“Loud Awake and Lost” Adele Griffin

Rated 5 stars ***** 2013. Alfred A. Knopf. 289 pp.

LoudAwakeandLostSeventeen-year-old Ember almost died the day her car went over the bridge. After 8 months of recovery and therapy from her operations, Ember is finally getting to return home. Her parents and best friend Rachel assure her she is back to normal, but Ember feels as if she’s missing something. A few months of her memory have been lost due to temporary amnesia and, when she finds out a passenger named Anthony had been killed in the accident, Ember is determined to try and regain her memories to find out more about why they’d been in the car together.

Little by little pieces of memory come floating up to the surface of her mind, bringing more questions than answers. Rachel, her parents, her friends and her ex boyfriend Holden want her to be the girl she was before the accident, but Ember is not comfortable dropping back into the mold they made for her life. Despite not being able to dance anymore, she wants her own identity and is sure her hidden memories hold the key to her past and her future. From the hints people have been dropping, she is sure Anthony was more than just a friend but can’t put together the missing pieces of their relationship.

While striving to remember Anthony she meets Kai, who shares her dreams of wanting to break out from the mold society has planned and envisions a whole new world for them. Together they begin the romance of their lives, effectively frustrating Rachel, her parents and Holden as Ember feels herself drawing away from them as she draws closer to Kai.

When Ember finally regains her memories, I was shocked at what Adele Griffin had planned out all along, as I had never seen it coming. “Loud Awake and Lost” leads readers on a roller coaster ride of Ember’s emotions as she seeks to find herself amidst the missing parts of her life, and will keep readers eagerly turning pages to discover more of Ember’s memories and insights.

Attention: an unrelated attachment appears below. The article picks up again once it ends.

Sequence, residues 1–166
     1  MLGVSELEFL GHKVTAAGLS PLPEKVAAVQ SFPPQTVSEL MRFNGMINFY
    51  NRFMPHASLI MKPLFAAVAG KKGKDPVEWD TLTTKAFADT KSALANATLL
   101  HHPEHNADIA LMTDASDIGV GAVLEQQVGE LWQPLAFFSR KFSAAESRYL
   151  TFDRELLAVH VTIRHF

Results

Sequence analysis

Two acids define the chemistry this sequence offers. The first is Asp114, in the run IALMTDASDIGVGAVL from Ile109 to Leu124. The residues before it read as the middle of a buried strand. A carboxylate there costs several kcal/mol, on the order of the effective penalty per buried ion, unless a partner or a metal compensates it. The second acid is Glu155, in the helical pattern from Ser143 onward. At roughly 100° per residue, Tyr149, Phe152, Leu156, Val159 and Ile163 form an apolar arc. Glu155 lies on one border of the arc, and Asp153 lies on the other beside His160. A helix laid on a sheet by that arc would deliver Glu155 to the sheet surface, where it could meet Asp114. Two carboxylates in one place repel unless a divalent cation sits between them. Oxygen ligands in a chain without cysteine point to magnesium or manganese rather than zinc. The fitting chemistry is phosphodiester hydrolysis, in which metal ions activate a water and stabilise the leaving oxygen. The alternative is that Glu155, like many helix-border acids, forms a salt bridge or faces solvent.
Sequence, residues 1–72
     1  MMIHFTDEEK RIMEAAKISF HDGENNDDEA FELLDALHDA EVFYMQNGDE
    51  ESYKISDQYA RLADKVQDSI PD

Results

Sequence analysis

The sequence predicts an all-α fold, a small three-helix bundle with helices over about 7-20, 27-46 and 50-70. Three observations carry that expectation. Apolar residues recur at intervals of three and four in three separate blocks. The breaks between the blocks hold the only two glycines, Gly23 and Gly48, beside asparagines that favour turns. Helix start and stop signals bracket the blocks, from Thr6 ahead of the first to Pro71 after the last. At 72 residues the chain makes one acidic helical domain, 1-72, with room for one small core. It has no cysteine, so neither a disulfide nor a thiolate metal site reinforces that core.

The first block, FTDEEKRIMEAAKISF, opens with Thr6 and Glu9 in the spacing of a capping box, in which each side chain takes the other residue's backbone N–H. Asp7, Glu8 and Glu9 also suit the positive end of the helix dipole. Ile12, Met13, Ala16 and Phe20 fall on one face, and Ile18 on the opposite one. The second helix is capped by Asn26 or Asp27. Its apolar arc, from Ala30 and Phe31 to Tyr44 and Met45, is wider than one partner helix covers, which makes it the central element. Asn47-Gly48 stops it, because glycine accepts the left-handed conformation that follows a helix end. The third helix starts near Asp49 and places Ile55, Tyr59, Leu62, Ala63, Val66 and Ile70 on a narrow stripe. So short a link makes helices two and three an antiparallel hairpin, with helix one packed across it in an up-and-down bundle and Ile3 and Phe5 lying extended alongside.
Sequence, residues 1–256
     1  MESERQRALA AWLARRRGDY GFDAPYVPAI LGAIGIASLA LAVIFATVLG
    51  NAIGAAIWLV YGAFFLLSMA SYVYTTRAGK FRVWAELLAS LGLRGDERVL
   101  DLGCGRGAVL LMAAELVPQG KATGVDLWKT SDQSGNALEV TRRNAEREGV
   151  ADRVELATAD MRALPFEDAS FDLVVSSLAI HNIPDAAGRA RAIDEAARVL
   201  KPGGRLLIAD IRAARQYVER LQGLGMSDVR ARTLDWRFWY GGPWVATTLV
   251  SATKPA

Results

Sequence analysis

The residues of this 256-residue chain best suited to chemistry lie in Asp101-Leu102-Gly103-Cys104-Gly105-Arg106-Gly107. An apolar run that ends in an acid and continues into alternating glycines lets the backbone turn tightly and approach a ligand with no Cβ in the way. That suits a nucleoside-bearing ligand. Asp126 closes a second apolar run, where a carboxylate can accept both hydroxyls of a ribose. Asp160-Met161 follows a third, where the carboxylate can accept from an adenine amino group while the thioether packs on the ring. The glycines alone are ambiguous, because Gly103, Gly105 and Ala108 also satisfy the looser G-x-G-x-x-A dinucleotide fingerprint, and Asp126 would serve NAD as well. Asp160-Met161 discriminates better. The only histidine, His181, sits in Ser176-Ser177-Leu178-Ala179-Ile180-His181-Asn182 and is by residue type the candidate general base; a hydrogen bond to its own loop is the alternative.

Recommended for ages 14 and older.

Listed on the ALA (American Library Association’s) Best Fiction for Young Adults list (compiled by the Young Adult Library Services Association (YALSA).


“Far From You” Tess Sharpe

Rated 5 stars ***** 2014. Hyperion (Disney Book Group). 341 pp.

FarFromYouSophie was always in constant pain after a horrible car accident when she was just 14 years old. Oxy pills were her only relief as she learned to walk again, and even her best friend, neighbor and soul mate Mina couldn’t completely take away the pain. After spending the next 3 years addicted to Oxy, Mina intervenes and saves her from the death trap of drug addiction into which she was spiraling.

Now 17, Sophie is the prime suspect in a murder investigation because of a supposed drug deal gone badly. Mina is dead, but no one will believe that she has been clean for 6 months and didn’t have anything to do with buying drugs or killing her best friend. After being locked up in rehab for 3 months, Sophie has one thought in mind: revenge. She will find out who killed Mina and get justice. Unfortunately the murderer knows she’s looking, and will stop at nothing to remain hidden – even if it means murdering again.

This tension filled mystery, told through flashbacks, will keep readers eagerly turning pages to find out whodunit.

Recommended for ages 14 and older.


“Imperfect Spiral” Debbie Levy

ARC (Advanced Reading Copy). Published July 16, 2013. Walker Books (Bloomsbury). 339 pp. (Includes A Note from the Author).

ImperfectSpiralDanielle was supposed to be a camp counselor that summer, but something happened during her Bat Mitzvah – she froze during her special reading. Now terrified of being around large groups of people, she becomes a babysitter for 5 year old Humphrey, a very lovable child prodigy. Humphrey has an interesting way of looking at the world, and Danielle soon falls in love with him and his eagerness to learn how to throw a perfect spiral with her football. They spend hours together as she teaches him how to play football as they learn about looking at life in different ways from each other.

Alternating past memories of her time with Humphrey and the present, Danielle recounts the events that led up to Humphrey being killed in a car accident. Unable to face what happened that day, Danielle withdraws into herself even more until she meets Justin. She seems to feel Humphrey’s presence whenever she’s around Justin, which helps to calm her.

However, with the entire town shocked over Humphrey’s death, it doesn’t take long for their furor to fall upon the heads of the illegal immigrants who drove the car that hit Humphrey. The demand to drive all immigrants out of their county seems to resound extra loudly with Justin and, without meaning to, Danielle is soon caught up in the ensuing chaos. She wants to stay in her shell, but has to do what Humphrey would have wanted her to do.

“Imperfect Spiral” is touchingly written, and its emotional storyline will resound with readers aged 12-16. The battle over immigration is an important part of our society these days, and Levy does a good job of bring this heated issue to light.